Colón also explained that Tufts’ sanitation policy in light of the pandemic brought extra burden onto its janitorial workers, who did not received matching compensation in return. Tufts also failed to hire  new personnel for assistance.

“Extra disinfection, extra chemicals … now you need to disinfect everywhere,” Colón said. “Before I [could] clean the shower once or twice a week, now it’s every day. It’s a lot, and it’s hard to work like that … with the same [number of] people.”

After entering Ballou, the rally was uncertain if the administrators heard its demand, according to Alexis Hedvat, an organizer with the TLC.

“We were knocking on the door and saw two people in one of the offices who were not opening the door for us and ignoring [our] knocks,” Hedvat, a junior, said in an electronic message to the Daily. “Finally somebody opened the door. We asked if we could give them the petition to give to [University President Tony Monaco] and they said they would give it to him. We asked if we could watch them put it on his desk, but they refused to let us do that, saying, ‘I will make sure it gets to him.’”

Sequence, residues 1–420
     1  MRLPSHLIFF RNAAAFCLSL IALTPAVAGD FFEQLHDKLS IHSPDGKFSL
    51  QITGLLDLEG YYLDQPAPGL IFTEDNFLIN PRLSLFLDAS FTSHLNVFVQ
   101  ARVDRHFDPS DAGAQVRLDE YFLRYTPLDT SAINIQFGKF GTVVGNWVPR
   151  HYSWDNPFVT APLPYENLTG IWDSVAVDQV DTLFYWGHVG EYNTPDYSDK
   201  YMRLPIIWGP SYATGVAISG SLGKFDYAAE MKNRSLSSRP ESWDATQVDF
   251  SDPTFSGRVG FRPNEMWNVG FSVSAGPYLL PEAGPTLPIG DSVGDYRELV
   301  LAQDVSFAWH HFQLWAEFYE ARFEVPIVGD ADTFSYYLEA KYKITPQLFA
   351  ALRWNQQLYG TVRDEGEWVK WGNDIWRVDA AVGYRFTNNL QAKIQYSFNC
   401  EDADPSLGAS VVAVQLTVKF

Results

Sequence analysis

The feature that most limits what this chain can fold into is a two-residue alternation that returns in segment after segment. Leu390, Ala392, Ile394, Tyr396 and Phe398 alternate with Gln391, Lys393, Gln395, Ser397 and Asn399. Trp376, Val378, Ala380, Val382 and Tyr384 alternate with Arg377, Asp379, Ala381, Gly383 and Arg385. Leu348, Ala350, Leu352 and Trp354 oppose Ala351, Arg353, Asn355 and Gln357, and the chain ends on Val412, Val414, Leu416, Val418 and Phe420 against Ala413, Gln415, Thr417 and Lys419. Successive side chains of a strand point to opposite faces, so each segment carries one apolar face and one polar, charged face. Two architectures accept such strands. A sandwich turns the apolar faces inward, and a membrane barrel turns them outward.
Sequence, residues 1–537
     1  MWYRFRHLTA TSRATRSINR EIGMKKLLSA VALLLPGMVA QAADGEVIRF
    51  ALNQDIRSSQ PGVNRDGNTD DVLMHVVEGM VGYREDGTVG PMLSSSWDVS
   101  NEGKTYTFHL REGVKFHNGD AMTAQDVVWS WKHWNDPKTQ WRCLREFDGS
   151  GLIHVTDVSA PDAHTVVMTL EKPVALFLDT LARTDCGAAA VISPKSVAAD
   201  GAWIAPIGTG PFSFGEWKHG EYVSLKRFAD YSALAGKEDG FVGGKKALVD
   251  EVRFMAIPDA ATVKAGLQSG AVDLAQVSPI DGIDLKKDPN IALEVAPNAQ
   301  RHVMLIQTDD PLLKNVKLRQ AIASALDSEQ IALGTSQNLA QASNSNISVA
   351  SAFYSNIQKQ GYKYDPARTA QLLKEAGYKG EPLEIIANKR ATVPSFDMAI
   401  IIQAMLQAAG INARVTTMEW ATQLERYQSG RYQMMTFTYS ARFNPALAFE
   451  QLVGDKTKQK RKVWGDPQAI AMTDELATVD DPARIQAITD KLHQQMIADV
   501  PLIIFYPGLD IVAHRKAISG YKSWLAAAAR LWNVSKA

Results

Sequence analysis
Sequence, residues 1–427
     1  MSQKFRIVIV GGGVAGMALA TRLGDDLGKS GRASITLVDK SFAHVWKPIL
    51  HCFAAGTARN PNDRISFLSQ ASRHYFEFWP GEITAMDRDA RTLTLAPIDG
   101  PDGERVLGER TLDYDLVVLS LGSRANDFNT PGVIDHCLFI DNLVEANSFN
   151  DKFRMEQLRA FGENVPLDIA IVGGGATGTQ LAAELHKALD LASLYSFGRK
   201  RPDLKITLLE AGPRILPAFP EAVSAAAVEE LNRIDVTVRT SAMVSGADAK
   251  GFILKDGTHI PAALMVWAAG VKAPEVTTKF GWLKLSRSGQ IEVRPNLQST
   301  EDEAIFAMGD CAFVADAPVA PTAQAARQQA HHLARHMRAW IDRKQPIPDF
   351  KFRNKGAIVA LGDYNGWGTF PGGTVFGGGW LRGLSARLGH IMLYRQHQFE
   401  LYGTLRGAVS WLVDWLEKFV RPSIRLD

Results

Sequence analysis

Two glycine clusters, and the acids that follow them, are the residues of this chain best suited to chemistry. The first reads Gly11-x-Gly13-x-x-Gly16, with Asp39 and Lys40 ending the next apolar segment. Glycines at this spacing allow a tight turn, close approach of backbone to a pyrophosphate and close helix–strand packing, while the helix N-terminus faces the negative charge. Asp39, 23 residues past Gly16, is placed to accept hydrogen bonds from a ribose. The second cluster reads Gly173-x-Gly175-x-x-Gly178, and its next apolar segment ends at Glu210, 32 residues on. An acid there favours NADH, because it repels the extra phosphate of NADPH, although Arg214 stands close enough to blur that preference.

In 1994, Tufts began outsourcing its custodial service. Before, custodians were still considered university employees who received health-care packages, tuition remission and pension plans. The change in 1994 saved Tufts an estimate of $2 million over the following few years and stripped janitors of most of their benefits. The following two-and-a-half decades were marked by further downsizing and restructuring, the most notable illustration taking place in 1998, when 20 laid-off janitors struggled to obtain  food.